After it was all said and done, I met Herman Lindsey among the dispersing, rain
soaked protestors outside the prison. Herman is the 27th person to be
exonerated from Florida's death row.
Herman is a well-spoken black man. He spoke optimistically about ending capital
punishment in the state.
Herman had been accused of killing a pawn shop owner during a robbery, but
further court hearings determined that there was not enough evidence to place
Herman at the pawn shop let alone pulling the trigger.
I could not imagine him hurting anybody. As we stood in the rain, he refused an
umbrella because he did not want that person to get wet.
Meeting him highlighted one of my biggest fears: Florida gets it wrong.
"We the People" have killed innocent men in the pursuit of justice.
I have always believed that there are some people who, through their own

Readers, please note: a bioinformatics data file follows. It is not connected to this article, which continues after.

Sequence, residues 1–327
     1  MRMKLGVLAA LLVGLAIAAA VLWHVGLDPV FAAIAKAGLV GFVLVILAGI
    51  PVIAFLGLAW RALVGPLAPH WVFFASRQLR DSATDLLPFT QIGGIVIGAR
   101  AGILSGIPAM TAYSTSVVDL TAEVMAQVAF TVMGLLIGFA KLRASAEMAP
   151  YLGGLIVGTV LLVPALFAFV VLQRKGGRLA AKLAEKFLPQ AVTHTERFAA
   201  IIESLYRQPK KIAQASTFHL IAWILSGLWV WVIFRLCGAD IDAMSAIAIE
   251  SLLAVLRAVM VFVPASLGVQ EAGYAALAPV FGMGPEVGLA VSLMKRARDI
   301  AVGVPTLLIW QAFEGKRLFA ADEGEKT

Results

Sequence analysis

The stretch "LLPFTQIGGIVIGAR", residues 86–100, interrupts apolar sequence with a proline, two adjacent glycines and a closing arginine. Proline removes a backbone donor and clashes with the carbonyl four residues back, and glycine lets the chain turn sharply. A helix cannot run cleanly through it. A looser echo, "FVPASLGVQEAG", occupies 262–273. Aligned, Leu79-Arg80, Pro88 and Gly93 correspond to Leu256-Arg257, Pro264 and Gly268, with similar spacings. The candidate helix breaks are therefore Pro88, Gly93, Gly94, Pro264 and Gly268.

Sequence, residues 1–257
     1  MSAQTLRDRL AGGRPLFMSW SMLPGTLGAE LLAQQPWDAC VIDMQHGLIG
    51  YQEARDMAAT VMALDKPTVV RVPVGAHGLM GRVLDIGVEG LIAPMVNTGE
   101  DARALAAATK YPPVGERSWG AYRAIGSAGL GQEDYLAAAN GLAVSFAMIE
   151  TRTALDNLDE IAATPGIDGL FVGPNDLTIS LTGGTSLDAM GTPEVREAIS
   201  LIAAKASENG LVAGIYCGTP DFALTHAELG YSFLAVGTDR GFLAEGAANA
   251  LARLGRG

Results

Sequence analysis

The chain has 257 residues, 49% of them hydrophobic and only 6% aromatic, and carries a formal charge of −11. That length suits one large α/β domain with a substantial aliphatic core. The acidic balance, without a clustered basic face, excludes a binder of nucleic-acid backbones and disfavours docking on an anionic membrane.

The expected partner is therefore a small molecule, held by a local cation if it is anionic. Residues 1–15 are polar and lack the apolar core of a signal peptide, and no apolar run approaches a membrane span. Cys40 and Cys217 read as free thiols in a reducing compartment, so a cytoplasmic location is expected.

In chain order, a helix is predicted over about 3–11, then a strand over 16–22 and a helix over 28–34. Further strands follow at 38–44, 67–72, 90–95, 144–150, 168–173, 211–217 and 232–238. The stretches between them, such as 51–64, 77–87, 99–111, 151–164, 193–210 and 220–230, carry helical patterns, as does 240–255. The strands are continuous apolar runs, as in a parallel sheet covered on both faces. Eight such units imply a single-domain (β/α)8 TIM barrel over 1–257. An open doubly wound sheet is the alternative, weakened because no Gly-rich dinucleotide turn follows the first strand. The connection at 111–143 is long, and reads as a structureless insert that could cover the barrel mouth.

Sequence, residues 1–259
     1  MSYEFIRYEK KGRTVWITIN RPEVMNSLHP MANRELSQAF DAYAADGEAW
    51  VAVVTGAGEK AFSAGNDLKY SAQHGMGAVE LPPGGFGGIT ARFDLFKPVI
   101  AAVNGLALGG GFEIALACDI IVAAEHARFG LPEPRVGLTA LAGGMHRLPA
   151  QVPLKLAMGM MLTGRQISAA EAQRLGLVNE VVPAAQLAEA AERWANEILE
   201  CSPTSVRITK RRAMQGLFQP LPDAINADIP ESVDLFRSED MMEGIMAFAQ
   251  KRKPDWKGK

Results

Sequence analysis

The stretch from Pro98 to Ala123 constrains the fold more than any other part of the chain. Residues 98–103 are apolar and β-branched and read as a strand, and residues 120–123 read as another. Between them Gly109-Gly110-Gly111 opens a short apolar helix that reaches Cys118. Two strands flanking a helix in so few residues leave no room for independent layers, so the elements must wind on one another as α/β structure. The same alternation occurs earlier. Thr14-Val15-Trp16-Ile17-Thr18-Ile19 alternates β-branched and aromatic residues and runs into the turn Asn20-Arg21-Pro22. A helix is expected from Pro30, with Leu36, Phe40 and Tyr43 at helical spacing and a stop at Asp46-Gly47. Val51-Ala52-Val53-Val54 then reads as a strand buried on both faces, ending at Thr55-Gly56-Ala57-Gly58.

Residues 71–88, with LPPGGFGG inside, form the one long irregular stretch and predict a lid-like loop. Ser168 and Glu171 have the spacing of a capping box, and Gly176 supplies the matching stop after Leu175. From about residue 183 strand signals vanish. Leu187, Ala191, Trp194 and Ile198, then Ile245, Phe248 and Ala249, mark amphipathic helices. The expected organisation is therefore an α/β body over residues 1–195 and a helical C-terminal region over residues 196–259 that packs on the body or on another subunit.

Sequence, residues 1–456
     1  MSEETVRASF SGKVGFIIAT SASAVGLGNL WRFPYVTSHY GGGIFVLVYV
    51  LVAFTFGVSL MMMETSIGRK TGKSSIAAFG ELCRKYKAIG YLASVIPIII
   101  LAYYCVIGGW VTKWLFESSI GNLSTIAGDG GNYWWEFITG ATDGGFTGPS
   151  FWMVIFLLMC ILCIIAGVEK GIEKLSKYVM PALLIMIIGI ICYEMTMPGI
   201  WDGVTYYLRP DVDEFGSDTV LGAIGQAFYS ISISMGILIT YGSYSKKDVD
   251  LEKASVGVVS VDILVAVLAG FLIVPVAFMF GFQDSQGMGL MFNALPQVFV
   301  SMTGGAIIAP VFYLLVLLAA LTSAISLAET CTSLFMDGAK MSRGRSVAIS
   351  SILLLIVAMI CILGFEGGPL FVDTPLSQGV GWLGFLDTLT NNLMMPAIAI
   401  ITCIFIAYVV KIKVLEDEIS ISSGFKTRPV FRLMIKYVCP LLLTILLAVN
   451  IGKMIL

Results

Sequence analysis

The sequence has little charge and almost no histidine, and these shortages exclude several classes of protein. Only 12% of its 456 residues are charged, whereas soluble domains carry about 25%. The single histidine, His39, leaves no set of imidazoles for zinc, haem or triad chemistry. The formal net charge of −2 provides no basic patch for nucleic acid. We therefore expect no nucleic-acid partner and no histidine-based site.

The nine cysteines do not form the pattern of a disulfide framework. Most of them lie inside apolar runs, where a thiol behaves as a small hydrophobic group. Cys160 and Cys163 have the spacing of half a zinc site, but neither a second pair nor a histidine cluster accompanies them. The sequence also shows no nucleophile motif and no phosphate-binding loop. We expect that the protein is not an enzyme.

violent actions, have forfeited the right to live in our society.
Every life has value, but death is the penance for taking that potential from
Yet it is in the process that my faith is shaken, and after witnessing it
firsthand I am even less sure.
(source: Editorial, Jamie Gentry; Navarre Press)
Judge allows Chicago-based attorneys to withdraw from representing convicted
killer Anthony Garcia
A judge Thursday allowed the Chicago-based Motta Law Firm to withdraw from
representing quadruple-killer Anthony Garcia.
Robert Motta Sr. and Robert Motta Jr. had requested a hearing so they could
formally withdraw from the murder case.